Republicans: The Answer is Easy if You Take it Logically

I remember as a 22 year old, working full time and going to college full time, newly married with a baby on the way; the election contest between Jimmy Carter and Ronald Reagan. I had not been politically astute up until this time in my life. Then I heard Ronald Reagan give a speech on television and things changed for me. I don’t remember what the speech was about, but I do remember my reaction to what he was saying. In contrast to the “turn your thermostats down” current president, Mr. Reagan was optimistic, uplifting and inspiring. I felt good about my country and positive in my outlook, even though the country was in a mess.

When I watched Reagan on television, I realized he was talking to the camera and to the audience, but I felt like he was speaking directly to me. He related to me in a way that made me comfortable and confident; I trusted him. Even though he was attacked mercilessly by the media during his presidency, he always handled them in a gregarious fashion, putting them in their place in a humorous way, sometimes the zingers going right over their heads. When Ronald Reagan was shot by John Hinckley in March of 1981, it was hard for me to watch the endless footage on television; I reacted like a family member or good friend had been shot. Ronald Reagan certainly believed in and espoused conservative ideas, but it was more than that. I felt like he was on my side, that his concerns were my concerns. I sensed that he was more concerned for the country’s future than for his own. Ronald Reagan trounced a sitting president in a landslide.

The Republican party of today is doing a lot of introspection and self examination as to why they were defeated in the last two presidential elections against a novice in experience and achievement. The elections  shouldn’t have been close. What is it about the last two Republican candidates that they didn’t connect with conservative voters? The fact that neither of them was conservative in belief or in practice isn’t really up for debate. They both had voting records that clearly showed their middle of the road leanings. One was proud of the fact that he regularly “reached across the aisle” and worked with the opposition. The other was the governor of one of the most liberal states in the union, and had to be moderate in his views in order to be elected (whether or not he was just playing to the crowd or truly believed in the moderate position is arguable). In addition to being in the squishy middle, both candidates were lackluster, indifferent, and milquetoast as well. Listening to either McCain or Romney make a speech was like listening to a featured speaker at an insurance convention. I didn’t hear compassion or conviction from either of them.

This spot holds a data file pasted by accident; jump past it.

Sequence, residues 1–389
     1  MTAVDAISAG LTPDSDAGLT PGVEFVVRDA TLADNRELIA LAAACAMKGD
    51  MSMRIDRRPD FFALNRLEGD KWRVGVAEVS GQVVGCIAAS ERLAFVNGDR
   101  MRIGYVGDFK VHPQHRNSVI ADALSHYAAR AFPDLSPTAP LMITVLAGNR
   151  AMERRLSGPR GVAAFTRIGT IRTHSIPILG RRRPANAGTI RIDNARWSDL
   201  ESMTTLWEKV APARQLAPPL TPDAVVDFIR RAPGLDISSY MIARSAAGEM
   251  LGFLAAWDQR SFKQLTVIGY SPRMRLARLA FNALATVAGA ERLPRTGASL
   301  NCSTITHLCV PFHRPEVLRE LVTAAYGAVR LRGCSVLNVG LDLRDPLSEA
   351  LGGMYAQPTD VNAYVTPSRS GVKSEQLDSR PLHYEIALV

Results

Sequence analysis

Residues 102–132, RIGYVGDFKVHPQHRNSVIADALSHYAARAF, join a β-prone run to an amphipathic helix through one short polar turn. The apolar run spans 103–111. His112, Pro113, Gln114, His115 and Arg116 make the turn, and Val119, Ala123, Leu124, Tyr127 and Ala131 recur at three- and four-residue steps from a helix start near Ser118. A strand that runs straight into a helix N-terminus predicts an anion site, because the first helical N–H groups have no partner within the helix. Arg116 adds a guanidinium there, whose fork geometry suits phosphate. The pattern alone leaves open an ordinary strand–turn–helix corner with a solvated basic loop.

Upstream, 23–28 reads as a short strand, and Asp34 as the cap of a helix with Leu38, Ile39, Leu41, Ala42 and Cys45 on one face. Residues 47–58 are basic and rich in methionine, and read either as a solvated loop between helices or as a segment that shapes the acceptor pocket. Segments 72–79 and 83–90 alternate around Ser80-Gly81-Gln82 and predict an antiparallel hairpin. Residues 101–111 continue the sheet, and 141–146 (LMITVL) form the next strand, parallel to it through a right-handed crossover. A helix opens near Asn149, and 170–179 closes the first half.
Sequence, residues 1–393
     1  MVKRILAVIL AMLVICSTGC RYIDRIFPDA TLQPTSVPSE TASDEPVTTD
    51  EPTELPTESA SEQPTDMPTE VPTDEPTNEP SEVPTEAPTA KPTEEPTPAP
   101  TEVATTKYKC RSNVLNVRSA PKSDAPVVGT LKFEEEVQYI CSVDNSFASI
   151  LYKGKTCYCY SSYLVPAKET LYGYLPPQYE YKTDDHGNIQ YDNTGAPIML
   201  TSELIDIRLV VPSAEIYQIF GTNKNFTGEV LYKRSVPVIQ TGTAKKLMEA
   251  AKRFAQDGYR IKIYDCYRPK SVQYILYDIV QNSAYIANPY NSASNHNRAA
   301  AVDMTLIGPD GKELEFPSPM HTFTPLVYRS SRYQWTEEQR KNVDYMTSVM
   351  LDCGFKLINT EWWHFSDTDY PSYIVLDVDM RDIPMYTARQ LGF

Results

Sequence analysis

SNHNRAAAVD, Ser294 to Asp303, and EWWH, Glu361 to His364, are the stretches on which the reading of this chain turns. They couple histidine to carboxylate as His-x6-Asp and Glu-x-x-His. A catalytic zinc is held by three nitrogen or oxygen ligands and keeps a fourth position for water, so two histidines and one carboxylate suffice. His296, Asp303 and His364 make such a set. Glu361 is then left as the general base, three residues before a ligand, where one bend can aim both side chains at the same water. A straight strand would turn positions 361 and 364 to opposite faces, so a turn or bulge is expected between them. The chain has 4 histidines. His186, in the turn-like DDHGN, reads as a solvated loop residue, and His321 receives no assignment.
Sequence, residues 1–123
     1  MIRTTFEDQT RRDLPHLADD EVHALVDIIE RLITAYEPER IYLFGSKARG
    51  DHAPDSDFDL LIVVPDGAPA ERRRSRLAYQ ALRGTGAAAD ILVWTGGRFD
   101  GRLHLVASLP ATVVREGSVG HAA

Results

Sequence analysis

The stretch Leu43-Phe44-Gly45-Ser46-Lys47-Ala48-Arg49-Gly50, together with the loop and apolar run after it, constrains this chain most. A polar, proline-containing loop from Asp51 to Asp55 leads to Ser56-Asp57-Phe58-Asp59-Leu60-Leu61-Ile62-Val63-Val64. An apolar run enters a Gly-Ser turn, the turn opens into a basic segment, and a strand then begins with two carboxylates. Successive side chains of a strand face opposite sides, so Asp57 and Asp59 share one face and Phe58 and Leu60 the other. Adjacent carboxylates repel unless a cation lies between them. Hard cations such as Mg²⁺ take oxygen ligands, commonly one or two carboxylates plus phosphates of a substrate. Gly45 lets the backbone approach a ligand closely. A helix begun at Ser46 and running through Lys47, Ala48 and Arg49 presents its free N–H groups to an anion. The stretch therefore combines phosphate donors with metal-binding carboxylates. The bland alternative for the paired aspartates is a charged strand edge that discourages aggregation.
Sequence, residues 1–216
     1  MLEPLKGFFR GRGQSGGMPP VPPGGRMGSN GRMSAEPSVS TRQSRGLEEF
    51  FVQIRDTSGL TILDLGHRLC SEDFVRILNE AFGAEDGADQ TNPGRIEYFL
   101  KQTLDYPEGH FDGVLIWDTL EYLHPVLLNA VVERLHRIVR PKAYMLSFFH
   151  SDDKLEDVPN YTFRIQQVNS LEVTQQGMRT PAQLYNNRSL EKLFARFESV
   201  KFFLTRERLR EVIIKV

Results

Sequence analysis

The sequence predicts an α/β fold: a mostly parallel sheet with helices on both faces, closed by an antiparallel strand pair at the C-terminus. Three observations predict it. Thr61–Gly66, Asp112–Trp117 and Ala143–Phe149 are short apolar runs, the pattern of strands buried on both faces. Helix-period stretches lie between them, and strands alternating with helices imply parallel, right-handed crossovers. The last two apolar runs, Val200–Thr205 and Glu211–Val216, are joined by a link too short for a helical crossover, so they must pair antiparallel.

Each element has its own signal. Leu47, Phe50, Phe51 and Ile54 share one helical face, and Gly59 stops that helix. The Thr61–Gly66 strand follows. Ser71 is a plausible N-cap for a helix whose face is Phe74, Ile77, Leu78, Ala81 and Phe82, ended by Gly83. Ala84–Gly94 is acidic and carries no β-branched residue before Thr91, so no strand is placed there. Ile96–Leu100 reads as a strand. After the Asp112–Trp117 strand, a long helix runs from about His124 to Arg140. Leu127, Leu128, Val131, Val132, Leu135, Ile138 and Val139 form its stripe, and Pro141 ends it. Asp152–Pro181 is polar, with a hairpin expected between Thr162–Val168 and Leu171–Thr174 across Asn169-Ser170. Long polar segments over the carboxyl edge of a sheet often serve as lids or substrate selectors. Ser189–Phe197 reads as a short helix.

The criticism of the current Republican Party is that it is a party of old, rich, white men. The truth is that most politicians are rich and all have the job of selling themselves to the public as someone who not only cares about, but can relate to them. Too often what you get is condescension and pandering as evidenced by John Kerry, “I’m here to get me a huntin’ license” and Hillary Clinton, “I’m in no ways tahrd”. You can say what you want about Barack Obama, but he has the shtick down pat. Appearing on late night television, he made himself appear cool, with it, just a regular guy. Bill Clinton was a master at it. They both convinced the majority of Americans that they not only cared for them, but that they only existed to fight the Washington insiders on their behalf. We all knew that they both were mostly full of baloney and didn’t care a whit about or could relate in any way to the average Americans life.

Mitt Romney is a fine man; extremely charitable, a great family man, an accomplished and successful businessman, and competent to boot. One problem; he couldn’t relate to the majority of Americans, or at least convince us that he could. Say what you will about Sarah Palin, she has that ability to connect with people and the passion to go along with it. The Republicans, if they want to win national elections in the future, need to nominate a strong conservative that not only believes in and practices conservatism, but one that can stare into the camera and with passion and empathy convince the American people that he or she has their best interests and the country’s interests at heart. If they do, then it won’t matter the ethnic group or social group or economic group or gender. Americans will respond to this type of man or woman. The next line in the song; “I’d like to help you in your struggle to be free,” is one that we all can relate to.


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